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Rebuilding Homes and Disaster Recovery Processes

by Zack Rosenburg
May 15, 2019

Rebuilding Homes and Disaster Recovery Processes

by Zack Rosenburg
May 15, 2019 | Comments (0)

The 2006 Winter Olympics in Turin, Italy, was getting underway when Liz McCartney, a teacher, and Zack Rosenburg, a lawyer, walked into the “hippie tent,” a meal center in Chalmette, LA, run by the unconventionally dressed members of the Rainbow Family.

The couple from Washington D.C. had driven down to help victims of Hurricane Katrina rebuild. They didn’t know how to operate most of the power tools they had borrowed from D.C. friends. And they certainly had no idea what “batch” and “flow” production were.

But by 2012 the disaster recovery nonprofit they founded, SBP, had cut rebuilding time by nearly 50% using lean management concepts they had learned from Toyota. Today SBP has rebuilt homes for more than 1,500 families with the help of 180,000 volunteers in 11 communities across the United States and Puerto Rico.

Their remarkable story and the remarkable new recovery model they developed based on lean concepts – which dramatically improves the lead time between disaster and recovery – are described in their new book, Getting Home, published by the nonprofit Lean Enterprise Institute.

Lean Enterprise Institute Communications Director Chet Marchwinski recently talked with Zack about disasters and recovery. Here’s an excerpt, edited for length:

Q: What's the problem with the existing traditional disaster recovery process?

Zack: Before we talk about the problem with disaster recovery, I think it's important to put it in context about why every American should care. The National Weather Service came out and said that during this flood season over 200 million homes are at risk of catastrophic flooding in relation to the Mississippi River flooding and the storms that are predicted to come.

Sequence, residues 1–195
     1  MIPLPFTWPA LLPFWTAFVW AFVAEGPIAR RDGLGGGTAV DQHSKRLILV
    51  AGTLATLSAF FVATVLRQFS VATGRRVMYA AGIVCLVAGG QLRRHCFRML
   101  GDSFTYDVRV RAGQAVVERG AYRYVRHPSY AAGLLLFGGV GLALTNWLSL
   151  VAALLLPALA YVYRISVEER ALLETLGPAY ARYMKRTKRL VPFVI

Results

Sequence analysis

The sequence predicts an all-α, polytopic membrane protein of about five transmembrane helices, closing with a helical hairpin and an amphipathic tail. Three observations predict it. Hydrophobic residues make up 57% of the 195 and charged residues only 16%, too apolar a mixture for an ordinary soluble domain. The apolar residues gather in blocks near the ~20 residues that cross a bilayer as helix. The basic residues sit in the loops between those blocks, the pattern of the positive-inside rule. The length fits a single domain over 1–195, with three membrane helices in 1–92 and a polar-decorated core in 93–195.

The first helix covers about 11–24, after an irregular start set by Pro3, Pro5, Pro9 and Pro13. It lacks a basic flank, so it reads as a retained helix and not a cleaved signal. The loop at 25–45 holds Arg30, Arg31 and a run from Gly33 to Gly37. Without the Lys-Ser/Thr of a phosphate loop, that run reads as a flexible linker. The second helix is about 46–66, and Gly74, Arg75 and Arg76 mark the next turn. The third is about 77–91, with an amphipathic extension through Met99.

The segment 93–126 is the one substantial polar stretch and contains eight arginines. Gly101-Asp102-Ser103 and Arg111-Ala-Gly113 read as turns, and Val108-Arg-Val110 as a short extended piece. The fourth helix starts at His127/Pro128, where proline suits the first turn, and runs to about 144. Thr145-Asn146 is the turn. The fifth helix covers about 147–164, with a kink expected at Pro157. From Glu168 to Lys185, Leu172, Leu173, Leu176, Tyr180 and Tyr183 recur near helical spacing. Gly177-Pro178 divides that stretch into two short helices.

This is a real American problem. Last year 50 percent of American counties were impacted by a federally declared natural disaster. Another example: If people think, “Well, I'm not in a mandatory flood zone,” in Houston, 70 percent of the homes that flooded after Hurricane Harvey were not in a required flood insurance zone.

I want to make sure your folks know this relates to everybody. Disaster recovery in America needs to be improved because it doesn't measure what matters. Outputs aren't measured. Results aren't measured. What happens, unfortunately, is a focus on compliance and process. You can say success is driving certain outcomes or success is following the process. For a host of reasons in disaster recovery, success is measured by have you followed the process.

Q: The process for tearing down homes, applying for money, getting relief?

Zack: All the above, unfortunately. There are a lot of government funds involved, and there must be compliance and there can't be waste. We believe that the federal systems need to put an equal emphasis on outcomes and outputs and getting money out the door as there is on ensuring that our taxpayer dollars are stewarded properly.

Q: Getting Home is a great story. It's inspiring, but it's not a feel-good book. You've got a blueprint, a nine-step process, on how government at all levels can work together, how relief agencies and charities can work better together. Can you summarize that process?